According to the Oxford English Dictionary, a quibble is “a slight objection or criticism about a trivial matter,” but criticism is only a small part of the analysis we have here. Welcome to the office of The Quibbler. We are the Alternative Voice of the Wizarding World. Have you read our magazine before? If not, take some time to browse and comment on the essays we’ve published.
We should also tell you that our magazine does not rely on our writers alone. We love submissions from individuals who are passionate about their work. If you would like to send us a quibble of your own, we ask two things of you: First, follow our Guidelines for Submissions. Second, check out our Writing Tips and FAQs so you can make your editorial as strong as possible. Happy writing!
To submit your quibble, send us an email at firstname.lastname@example.org. Please be sure your essay poses and answers a question. Additionally, keep your text between 500 and 2,000 words, use appropriate, accessible language, and organize your thoughts in a clear format to present your ideas. Don't forget to proofread.
Please be sure that all submissions include the following:
- A title
- Author's name (your name or a pen name)
- Text of your essay in the body of the message
- A short summary of your essay in the body of the email
- Any specific formatting directions
Note: MuggleNet does not claim ownership of your essay, nor will we re-create it on any other parts of the site. However, we might just make some spelling and/or grammar corrections.
Thank you for sharing with us!
So you want to write for MuggleNet?
Because we receive editorials daily, many of which address two or three main topics, we thought sharing a few tips from the editors' side of the process might help the editorial writer who wants their submission to stand out from the rest. So feel free to treat the following ideas as a checklist of sorts - we guarantee you'll raise your odds of being posted. And don't forget to have fun!
- Grammar is extremely important. If we can't read it easily, we're apt to delete it. If you grossly misspell the names of important characters, spells, or places, we feel you don't really care. Punctuation styles may vary, as different countries use different styles, so just be sure to use one style and stick to it.
- Beware the overanalyzed topic. At the present time, these include "Is Snape good or bad?" and "Does Ron really belong in Gryffindor?" It's not that we won't accept editorials on these topics; we just hope you've read what's already been posted and find an original and interesting angle by which to approach the question.
- Don't rush. We don't always post long and heavily researched editorials (although some of us prefer them). Often, a reader is unexpectedly blessed with an original idea, quickly types an editorial, and sends it to us. Those with a natural gift for good grammar and creative writing are lucky; most others should relax and know we're always here, and the odds that someone else has seized upon your original idea are very low in most cases. Take your time. Jot your original idea down, brainstorm, look for supporting (and unsupporting!) evidence in the books, and address them in the editorial.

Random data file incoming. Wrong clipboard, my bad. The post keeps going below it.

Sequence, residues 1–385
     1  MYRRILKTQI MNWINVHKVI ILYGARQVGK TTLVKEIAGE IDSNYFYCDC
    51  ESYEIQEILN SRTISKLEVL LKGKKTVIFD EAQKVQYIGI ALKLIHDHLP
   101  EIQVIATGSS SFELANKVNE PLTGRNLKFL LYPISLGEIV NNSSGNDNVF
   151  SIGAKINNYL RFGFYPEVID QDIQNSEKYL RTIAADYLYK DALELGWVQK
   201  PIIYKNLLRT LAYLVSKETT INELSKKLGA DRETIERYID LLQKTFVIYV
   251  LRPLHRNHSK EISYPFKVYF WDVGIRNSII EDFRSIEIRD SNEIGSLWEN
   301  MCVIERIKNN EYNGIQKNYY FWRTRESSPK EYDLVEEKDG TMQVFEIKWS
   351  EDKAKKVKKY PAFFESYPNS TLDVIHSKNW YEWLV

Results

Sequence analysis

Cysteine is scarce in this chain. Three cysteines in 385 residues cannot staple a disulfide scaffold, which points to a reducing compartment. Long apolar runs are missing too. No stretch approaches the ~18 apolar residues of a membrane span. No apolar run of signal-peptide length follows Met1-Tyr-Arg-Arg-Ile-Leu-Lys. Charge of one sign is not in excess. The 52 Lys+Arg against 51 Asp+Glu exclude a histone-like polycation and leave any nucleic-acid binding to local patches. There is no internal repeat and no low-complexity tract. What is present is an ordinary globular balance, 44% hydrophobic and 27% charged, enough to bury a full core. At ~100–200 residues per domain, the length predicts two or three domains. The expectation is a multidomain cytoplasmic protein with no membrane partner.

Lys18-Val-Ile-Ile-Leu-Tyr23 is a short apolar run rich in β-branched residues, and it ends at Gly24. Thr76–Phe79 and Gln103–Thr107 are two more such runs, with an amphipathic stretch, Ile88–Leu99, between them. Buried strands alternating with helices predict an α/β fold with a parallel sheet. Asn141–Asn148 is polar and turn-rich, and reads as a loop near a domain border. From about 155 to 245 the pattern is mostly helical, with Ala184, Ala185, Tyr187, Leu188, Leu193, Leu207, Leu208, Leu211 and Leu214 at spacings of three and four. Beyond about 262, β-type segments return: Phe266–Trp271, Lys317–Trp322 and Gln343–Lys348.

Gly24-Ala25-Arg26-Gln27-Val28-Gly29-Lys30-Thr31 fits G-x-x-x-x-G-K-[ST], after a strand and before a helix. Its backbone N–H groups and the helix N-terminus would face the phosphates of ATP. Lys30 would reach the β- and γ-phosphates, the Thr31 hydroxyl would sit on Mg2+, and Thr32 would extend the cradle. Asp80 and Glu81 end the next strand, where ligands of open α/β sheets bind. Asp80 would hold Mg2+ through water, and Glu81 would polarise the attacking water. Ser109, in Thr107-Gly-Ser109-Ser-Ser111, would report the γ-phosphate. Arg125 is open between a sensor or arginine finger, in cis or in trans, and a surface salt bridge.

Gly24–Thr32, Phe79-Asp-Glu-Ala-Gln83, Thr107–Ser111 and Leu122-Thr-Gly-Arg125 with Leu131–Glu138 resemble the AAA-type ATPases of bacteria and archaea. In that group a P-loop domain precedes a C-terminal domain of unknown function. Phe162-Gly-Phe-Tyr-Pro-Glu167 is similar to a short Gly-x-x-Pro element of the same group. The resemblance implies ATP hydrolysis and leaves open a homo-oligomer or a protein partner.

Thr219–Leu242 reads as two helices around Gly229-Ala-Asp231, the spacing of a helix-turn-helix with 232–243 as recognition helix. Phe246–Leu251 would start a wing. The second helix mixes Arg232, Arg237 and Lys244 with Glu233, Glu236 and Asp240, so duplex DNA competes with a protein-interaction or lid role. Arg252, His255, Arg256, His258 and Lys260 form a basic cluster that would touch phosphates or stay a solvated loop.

- Cite all quotes. Double-check you've copied the quote word for word, and include the page number(s), chapter name, and edition (e.g., US hardback). If you use the same edition throughout, you only have to say so in the first citation.
- Be sure your editorial is ready for publication. It's very confusing for us to get one, two, and sometimes three revisions. We have to go back and delete the old ones, and at times that can be a harrowing experience as we have to traverse the trenches of queued editorials. However, if new information comes to light after you've submitted your editorial and before it's been posted, feel free to send us an updated (and complete) version with a short explanation of the changes made.
- Clearly state the purpose of your email. If you are leaving feedback for a particular author or columnist, state it so we know where to forward the email. If you are sending us an editorial for a specific section other than the main page, tell us so. Also, please include your name as we would like to publish it with the editorial.
- Familiarize yourself with the section before contacting us with questions. Oftentimes, the answer to your question will appear before your eyes that way (see our Editorial FAQs below). For instance, if you would like to send feedback to a particular columnist and want to bypass the standard editorial email address, you'll likely find the writer's personal email address at the end of his or her column's main page.
- It's not required, but it would be helpful if a very brief description of the main point of your editorial is included in the email (especially if you're sending an attachment). If you're writing about an already overanalyzed topic, be sure to include how you look at it in an original way or include your fascinating conclusion - whatever you think will grab our attention.